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SHOCKING: Fifth Circuit Rules Planned Parenthood Videos Were Not Edited

Planned Parenthood just suffered a stinging defeat in court in regards to videos that showed staffers at the company negotiating prices for aborted baby parts, as PJ Media reports:

In 2015, the Center for Medical Progress (CMP) released a list of sting videos showing staffers at Planned Parenthood affiliates negotiating prices for aborted baby body parts.

Planned Parenthood hired Fusion GPS — the firm notorious for compiling the Trump-Russia dossier — to blast the sting videos as “deceptively edited.” That narrative received a powerful legal defeat earlier this month.

The footage implicating Planned Parenthood in the sale of aborted baby body parts for profit was not just embarrassing — it also revealed illegal behavior.

The State of Texas decided to strip $3.1 million in Medicaid funding from the abortion giant due to this law-breaking, and Planned Parenthood sued to retain it.

A district court issued an injunction preventing Texas from taking the money, but the 5th Circuit Court of Appeals struck down the injunction.

Writing for a three-judge panel, Judge Edith H. Jones issued a rebuke to the district court.

“The district court stated, inaccurately, that the CMP video had not been authenticated and suggested that it may have been edited,” Jones wrote in the ruling.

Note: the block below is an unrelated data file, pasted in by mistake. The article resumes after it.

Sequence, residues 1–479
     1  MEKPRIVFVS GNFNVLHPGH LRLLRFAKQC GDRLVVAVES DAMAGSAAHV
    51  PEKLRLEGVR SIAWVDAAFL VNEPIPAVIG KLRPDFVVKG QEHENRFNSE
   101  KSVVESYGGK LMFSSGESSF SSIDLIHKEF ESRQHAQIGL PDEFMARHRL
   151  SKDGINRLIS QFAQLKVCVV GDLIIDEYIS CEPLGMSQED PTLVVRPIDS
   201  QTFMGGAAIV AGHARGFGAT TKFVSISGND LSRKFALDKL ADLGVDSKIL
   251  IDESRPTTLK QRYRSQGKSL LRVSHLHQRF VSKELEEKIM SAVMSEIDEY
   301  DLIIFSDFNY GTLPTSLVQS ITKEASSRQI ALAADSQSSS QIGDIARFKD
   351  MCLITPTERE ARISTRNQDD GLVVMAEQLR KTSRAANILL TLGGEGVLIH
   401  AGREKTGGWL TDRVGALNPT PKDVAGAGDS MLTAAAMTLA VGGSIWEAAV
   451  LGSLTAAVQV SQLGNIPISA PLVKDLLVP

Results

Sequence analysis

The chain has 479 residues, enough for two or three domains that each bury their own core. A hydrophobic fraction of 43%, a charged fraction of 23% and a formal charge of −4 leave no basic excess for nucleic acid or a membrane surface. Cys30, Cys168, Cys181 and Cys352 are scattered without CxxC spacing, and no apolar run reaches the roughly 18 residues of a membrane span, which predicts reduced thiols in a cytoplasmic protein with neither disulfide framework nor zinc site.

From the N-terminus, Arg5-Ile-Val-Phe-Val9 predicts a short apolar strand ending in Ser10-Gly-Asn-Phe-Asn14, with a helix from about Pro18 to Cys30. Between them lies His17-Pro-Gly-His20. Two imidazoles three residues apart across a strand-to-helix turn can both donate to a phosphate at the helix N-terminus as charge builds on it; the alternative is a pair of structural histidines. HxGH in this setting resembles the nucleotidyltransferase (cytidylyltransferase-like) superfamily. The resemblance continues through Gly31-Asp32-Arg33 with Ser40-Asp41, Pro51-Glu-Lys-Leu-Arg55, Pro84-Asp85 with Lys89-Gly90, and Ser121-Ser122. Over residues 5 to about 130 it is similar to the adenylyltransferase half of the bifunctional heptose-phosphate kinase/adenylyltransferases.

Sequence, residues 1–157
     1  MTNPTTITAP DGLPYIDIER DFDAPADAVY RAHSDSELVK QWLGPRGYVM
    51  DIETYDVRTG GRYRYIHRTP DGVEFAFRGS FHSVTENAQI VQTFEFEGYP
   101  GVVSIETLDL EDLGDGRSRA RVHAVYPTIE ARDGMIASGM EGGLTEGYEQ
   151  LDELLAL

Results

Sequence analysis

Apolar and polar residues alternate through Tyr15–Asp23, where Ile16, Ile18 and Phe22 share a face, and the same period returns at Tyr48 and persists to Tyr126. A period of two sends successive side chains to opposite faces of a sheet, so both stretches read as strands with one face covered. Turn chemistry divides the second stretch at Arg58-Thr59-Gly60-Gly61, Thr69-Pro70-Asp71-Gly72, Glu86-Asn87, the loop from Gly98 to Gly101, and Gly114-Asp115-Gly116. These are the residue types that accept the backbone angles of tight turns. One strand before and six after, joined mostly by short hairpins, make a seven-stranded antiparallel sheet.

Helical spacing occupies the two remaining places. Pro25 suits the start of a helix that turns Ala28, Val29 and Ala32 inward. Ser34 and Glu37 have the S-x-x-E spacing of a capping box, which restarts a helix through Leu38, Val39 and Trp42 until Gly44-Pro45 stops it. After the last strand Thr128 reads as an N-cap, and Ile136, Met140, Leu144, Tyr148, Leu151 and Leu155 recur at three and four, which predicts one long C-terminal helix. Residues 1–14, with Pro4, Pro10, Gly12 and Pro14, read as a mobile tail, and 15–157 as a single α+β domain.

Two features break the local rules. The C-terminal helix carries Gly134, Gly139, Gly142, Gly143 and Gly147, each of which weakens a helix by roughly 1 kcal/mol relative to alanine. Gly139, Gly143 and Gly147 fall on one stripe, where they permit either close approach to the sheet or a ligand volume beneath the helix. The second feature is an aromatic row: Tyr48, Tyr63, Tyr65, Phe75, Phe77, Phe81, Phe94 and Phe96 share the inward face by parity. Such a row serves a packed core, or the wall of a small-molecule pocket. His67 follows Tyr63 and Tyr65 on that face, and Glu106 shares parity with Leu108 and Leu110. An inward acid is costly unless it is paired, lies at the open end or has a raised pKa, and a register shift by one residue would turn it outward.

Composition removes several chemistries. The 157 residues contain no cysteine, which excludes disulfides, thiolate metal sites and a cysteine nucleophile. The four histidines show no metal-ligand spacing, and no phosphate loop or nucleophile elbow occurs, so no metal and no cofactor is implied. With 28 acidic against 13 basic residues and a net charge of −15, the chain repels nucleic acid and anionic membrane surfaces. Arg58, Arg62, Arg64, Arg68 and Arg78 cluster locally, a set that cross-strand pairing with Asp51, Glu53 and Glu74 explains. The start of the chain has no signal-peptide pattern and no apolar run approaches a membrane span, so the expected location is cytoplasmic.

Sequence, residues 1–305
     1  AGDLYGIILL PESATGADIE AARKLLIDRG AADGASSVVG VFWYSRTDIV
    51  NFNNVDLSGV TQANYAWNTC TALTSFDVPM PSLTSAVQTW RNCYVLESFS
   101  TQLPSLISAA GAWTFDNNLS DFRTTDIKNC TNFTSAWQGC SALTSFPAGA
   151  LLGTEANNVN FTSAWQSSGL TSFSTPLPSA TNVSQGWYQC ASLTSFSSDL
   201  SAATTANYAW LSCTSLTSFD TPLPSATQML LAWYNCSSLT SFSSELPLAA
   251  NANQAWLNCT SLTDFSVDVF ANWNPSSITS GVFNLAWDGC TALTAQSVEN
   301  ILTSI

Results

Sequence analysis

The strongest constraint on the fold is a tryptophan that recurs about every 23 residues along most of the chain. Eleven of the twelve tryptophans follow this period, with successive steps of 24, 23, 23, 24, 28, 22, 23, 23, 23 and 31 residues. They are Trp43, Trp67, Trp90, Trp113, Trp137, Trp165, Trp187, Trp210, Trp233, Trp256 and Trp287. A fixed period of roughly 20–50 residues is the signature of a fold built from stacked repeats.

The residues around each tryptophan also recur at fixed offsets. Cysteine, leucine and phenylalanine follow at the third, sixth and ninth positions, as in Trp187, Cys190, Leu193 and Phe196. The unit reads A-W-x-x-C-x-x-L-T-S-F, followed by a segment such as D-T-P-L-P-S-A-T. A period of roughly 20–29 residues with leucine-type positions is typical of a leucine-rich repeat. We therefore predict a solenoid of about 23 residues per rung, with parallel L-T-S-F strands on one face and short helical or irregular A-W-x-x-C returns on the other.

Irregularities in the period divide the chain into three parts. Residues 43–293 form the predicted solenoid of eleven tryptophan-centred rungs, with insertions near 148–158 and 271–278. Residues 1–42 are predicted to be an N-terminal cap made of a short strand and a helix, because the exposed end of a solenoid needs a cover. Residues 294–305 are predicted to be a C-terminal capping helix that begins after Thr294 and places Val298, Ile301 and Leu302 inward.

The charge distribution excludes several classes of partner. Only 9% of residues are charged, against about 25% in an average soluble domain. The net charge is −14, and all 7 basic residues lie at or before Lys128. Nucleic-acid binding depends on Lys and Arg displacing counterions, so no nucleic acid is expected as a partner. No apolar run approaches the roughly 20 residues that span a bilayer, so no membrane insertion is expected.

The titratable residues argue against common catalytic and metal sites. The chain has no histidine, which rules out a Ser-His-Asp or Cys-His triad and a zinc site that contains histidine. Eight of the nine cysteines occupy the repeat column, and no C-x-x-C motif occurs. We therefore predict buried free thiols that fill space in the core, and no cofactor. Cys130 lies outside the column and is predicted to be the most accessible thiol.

The district court had ruled against the Texas Health and Human Services Commission’s Office of Inspector General (OIG), but it did not give OIG a fair hearing, Jones argued.

The district court “felt free to credit all of the trial testimony from [Planned Parenthood]—none of which had been offered during the state administrative procedures— [but] the court bound the IG solely to the administrative record and expressly refused to consider any support for termination ‘not included in the Final Notice and not part of the Inspector General’s termination decision.’”

“Having thus narrowed the evidence, the court concluded that OIG ‘did not have prima facie . . . evidence, or even a scintilla of evidence, to conclude the bases of termination set forth in the Final Notice merited finding the Plaintiff Providers were not qualified,’” Jones wrote.

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